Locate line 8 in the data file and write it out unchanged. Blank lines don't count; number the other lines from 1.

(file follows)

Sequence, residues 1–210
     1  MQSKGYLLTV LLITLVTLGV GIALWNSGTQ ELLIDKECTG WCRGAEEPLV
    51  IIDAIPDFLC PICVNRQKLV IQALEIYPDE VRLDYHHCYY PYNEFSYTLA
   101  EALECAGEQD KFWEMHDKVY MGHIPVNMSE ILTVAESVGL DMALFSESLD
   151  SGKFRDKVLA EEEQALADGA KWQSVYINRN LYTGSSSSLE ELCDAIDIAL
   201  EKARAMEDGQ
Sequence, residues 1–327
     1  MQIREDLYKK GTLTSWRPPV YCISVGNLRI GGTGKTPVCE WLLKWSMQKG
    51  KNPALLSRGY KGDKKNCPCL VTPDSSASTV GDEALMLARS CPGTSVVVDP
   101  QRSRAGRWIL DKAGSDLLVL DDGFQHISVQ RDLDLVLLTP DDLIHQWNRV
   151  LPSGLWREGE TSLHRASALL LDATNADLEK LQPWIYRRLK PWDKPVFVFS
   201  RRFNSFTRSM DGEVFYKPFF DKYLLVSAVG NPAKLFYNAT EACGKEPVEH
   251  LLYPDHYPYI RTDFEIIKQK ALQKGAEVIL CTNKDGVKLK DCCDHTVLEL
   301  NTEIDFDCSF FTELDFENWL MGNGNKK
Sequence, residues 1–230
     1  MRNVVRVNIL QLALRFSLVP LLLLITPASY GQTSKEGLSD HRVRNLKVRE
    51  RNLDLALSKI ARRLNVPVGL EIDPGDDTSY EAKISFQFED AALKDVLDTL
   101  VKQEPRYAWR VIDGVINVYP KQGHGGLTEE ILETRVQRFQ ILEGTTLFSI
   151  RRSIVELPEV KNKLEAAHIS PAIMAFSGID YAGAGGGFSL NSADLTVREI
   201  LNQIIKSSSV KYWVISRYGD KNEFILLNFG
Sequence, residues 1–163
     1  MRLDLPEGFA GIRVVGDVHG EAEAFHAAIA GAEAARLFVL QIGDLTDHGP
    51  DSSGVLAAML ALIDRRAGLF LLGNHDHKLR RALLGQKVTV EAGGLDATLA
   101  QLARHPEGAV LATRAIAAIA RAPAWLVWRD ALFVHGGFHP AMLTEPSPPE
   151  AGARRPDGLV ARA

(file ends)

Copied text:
     1  MQIREDLYKK GTLTSWRPPV YCISVGNLRI GGTGKTPVCE WLLKWSMQKG